Texas Attorney General Ken Paxton appeared on Fox News on Sunday and talked with Maria Bartiromo about the case the Supreme Court turned down on Friday, how in his view it disenfranchised the voters of Texas, and what’s next for the legal challenges to the 2020 election results.
Bartiromo asked Paxton about the court having said that Texas had no standing.
“If my people are harmed, which I view them as having been harmed by the fact that other states didn’t follow their election laws and didn’t follow the constitution, how do I address the fact that my voters are affected by a national election that potentially was not done correctly, where there was fraud, and that state law and federal law was not followed,” said Paxton. “I don’t know what else we could have done other than ask the court to at least hear our arguments.”
Explaining the rationale for the case, Paxton said that states are responsible for setting up laws “as it relates to electing electors,” and that when local officials deviate from those laws, they “violate state law and violated the constitution.”
“That in effect disenfranchises my voters, because we in Texas followed those laws,” and are now subjected to and affected by the results of potentially fraudulent or invalid results by those other states.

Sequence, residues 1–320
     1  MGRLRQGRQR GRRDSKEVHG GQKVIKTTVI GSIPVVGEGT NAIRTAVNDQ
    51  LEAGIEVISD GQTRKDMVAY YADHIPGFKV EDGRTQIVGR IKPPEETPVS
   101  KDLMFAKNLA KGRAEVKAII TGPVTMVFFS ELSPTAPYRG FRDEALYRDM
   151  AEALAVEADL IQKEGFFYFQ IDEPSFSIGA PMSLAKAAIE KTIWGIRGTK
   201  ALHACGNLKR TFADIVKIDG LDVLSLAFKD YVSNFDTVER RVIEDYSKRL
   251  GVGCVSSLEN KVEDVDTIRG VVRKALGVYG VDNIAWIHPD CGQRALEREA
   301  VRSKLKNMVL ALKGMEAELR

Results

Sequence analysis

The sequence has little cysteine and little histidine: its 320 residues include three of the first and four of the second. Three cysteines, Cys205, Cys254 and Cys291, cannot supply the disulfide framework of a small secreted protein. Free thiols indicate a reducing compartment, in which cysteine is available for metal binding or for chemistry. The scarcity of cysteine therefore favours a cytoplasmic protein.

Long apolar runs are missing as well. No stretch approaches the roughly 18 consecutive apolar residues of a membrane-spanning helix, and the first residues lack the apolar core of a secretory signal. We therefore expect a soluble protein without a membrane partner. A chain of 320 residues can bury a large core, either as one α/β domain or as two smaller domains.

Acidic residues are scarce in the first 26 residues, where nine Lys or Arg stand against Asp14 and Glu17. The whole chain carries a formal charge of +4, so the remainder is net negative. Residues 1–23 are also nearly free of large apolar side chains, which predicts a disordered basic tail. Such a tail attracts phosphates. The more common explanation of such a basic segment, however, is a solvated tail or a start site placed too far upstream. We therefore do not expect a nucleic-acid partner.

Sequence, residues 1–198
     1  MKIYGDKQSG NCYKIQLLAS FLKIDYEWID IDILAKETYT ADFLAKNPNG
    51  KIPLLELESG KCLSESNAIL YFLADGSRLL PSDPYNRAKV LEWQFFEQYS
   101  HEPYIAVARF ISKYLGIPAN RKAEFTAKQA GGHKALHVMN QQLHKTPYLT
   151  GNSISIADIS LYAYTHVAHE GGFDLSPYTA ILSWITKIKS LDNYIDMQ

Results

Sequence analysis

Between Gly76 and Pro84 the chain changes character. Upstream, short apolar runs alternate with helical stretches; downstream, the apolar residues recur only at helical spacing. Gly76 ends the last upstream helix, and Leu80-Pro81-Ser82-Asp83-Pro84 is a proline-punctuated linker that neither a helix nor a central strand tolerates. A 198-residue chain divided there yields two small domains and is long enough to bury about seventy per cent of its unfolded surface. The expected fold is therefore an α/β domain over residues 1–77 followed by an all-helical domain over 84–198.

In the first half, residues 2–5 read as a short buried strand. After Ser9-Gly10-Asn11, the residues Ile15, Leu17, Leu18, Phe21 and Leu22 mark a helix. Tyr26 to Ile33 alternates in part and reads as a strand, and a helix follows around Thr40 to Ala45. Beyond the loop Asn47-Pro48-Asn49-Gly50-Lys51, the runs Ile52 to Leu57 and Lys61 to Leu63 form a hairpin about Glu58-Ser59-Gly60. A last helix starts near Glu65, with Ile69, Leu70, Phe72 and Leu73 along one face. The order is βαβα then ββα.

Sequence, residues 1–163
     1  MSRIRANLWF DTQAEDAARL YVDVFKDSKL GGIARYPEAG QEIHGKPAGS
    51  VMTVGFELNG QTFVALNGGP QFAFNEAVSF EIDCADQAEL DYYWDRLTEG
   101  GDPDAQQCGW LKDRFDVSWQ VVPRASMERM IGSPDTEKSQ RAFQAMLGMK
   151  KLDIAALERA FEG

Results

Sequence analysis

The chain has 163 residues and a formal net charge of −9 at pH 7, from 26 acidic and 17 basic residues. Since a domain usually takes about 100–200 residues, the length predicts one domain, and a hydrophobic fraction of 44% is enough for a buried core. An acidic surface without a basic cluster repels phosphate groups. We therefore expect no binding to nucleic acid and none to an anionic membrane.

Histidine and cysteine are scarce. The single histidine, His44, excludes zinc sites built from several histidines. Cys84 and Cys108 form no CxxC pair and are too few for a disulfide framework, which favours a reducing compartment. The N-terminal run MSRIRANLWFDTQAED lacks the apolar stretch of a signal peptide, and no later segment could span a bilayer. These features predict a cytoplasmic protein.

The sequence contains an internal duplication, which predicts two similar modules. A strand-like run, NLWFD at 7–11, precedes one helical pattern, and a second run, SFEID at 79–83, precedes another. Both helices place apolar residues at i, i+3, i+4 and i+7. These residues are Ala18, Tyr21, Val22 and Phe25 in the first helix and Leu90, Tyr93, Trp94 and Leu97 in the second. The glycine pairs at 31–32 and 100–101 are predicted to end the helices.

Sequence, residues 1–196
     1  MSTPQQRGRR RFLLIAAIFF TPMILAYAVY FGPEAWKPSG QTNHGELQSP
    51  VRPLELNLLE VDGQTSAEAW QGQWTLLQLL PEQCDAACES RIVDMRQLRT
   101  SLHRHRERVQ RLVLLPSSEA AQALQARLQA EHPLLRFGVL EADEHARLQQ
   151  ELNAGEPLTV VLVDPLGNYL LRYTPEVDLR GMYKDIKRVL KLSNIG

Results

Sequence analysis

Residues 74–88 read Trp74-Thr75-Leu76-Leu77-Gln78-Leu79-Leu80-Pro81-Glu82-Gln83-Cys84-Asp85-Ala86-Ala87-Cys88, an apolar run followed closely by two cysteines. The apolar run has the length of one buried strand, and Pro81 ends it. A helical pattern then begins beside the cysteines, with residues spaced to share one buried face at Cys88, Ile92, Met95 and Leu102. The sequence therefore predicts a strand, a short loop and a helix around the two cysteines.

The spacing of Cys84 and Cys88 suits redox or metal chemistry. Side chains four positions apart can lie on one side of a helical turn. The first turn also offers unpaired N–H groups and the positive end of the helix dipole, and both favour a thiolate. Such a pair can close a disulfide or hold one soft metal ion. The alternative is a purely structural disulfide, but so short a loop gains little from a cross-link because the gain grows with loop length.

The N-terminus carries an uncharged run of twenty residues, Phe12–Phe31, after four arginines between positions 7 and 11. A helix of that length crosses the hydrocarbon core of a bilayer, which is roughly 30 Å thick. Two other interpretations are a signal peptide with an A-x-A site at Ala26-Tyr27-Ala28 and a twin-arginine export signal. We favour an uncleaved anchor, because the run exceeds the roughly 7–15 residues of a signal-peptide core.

Bartiromo also asked about “Plan B.”
“I think the Trump campaign is taking our arguments that we tried to get in front of the U.S. Supreme Court, they are now going to take those state by state, because I think they are legitimately good, constitutional arguments that don’t depend on actually proving every little instance of fraud,” said Paxton.
Lefties think that’s big gaffe on his part, but that’s only because they aren’t smart. He had just explained that the states have made it impossible to go back, now, to verify votes and effectively made it impossible to prove fraud or mass invalidate votes. But he’s saying that their argument on the constitutionality of the various states like Pennsylvania essentially violating their own election laws doesn’t rest on being able to force those states into compliance or prove each and every ballot’s intrinsic value. Instead, the case rests on the very constitutionality of the overall conduct of the election in those states, based on the violation of the laws of those states by the states or by local authorities.
That’s not a gaffe. That’s a sound argument. And more than that it is an excellent argument for standing in the case of Texas, based on disenfranchisement.